It’s hard not to take your work home. Politicians glad-hand even when they’re not campaigning; linguists struggle not to scold poor grammar; off-duty police officers scan the crowd in a restaurant for signs of trouble before they sit down. So what happens when your job involves hitting people—especially when you’re paid very, very well to hit them very, very hard?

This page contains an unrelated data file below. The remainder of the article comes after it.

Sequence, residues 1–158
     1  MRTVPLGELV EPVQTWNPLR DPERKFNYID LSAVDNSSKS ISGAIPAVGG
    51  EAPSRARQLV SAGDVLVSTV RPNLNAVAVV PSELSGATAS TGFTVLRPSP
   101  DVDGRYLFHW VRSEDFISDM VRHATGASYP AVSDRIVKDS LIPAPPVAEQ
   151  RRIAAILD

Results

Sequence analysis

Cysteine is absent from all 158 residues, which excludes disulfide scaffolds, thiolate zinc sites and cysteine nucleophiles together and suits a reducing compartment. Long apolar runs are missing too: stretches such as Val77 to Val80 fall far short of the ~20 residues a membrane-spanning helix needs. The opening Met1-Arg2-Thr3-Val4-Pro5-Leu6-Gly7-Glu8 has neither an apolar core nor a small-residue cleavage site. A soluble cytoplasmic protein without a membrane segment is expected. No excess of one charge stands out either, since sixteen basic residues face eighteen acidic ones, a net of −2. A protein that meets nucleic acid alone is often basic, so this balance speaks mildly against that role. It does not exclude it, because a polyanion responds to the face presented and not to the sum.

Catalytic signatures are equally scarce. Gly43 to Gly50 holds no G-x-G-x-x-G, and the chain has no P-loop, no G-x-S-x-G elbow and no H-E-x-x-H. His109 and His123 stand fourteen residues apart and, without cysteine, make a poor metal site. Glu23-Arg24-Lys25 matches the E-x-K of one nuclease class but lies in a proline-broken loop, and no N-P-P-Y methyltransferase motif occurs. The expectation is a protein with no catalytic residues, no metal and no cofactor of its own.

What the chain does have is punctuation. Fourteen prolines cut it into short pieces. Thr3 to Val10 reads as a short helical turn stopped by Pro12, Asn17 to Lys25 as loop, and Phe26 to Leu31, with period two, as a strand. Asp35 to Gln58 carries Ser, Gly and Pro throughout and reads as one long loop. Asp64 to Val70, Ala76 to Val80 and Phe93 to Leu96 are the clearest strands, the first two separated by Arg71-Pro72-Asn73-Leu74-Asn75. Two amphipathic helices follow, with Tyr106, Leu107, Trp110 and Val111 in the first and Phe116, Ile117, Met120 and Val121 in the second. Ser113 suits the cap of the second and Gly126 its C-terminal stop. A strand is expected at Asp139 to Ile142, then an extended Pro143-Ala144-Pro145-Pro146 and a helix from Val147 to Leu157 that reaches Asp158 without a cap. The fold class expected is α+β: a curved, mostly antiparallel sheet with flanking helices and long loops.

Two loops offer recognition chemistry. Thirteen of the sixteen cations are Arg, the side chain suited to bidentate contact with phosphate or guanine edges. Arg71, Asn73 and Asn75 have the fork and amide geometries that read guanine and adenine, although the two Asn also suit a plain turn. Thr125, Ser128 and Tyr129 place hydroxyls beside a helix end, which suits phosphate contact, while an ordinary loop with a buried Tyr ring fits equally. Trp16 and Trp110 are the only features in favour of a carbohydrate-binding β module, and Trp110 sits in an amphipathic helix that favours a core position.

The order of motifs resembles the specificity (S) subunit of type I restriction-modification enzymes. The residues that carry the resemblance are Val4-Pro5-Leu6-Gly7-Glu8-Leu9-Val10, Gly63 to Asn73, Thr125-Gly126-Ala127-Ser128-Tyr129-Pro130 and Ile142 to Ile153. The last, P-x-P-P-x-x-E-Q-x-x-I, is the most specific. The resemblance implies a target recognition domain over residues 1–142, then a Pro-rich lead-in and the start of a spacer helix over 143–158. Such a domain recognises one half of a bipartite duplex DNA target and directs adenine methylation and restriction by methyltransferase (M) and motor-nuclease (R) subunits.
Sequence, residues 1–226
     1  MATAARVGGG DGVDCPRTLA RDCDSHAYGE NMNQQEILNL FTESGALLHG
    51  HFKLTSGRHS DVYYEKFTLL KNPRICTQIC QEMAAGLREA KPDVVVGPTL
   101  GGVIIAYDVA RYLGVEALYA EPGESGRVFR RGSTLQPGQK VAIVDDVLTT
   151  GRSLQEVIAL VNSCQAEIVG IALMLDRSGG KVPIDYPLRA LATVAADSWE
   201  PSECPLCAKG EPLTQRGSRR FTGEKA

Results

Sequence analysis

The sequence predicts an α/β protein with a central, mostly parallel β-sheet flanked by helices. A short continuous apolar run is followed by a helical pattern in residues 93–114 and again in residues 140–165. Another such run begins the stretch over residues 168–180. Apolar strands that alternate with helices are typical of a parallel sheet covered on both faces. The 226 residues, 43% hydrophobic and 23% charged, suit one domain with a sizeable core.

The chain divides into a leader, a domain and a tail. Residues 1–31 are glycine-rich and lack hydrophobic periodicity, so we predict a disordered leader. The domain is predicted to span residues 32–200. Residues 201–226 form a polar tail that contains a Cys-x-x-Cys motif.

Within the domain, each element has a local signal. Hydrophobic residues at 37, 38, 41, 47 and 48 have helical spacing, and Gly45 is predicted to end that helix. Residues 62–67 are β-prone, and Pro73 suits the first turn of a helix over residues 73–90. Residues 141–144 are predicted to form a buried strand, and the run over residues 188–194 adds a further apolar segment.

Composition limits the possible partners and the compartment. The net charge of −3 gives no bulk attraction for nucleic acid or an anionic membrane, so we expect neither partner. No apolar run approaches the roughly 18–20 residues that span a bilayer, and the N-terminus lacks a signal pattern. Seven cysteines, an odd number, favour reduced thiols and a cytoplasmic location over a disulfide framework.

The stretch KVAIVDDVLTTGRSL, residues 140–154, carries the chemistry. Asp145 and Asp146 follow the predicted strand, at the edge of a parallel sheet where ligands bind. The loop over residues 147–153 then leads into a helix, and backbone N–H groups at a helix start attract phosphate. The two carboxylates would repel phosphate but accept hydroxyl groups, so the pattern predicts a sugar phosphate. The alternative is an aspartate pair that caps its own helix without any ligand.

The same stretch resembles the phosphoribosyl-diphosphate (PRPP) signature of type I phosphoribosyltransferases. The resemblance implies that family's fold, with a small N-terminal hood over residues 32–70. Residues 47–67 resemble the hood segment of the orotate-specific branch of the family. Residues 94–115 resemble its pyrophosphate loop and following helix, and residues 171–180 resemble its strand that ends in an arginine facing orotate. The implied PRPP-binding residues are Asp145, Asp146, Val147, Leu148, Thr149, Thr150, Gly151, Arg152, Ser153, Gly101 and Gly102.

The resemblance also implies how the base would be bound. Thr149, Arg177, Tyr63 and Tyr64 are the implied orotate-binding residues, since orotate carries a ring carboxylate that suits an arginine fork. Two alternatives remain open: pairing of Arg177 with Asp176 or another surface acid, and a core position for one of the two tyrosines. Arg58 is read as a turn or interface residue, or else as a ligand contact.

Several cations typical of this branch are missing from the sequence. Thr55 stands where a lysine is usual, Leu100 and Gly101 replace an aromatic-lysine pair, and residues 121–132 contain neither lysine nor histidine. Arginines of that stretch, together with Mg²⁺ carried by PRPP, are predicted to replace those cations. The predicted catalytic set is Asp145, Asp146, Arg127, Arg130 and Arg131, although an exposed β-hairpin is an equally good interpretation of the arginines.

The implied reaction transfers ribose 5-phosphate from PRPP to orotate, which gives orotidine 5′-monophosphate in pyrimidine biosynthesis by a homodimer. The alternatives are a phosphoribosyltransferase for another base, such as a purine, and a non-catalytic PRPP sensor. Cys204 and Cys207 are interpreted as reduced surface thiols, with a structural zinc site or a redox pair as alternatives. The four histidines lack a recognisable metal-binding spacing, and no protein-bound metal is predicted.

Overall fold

There are a lot of explanations for the crisis of violence that has hit the National Football league—and a lot of them have merit. Athletes are spoiled. Check. They feel entitled. Check. They believe they’re outside the rules and that even if they get in trouble they can buy their way out with a top-dollar legal defense—check and check. But there are athletes and there are athletes, and not every player in every sport gets into the same kind of trouble. Increasingly, it seems, it’s those who are violent during their work day who continue to be that way when they go home.
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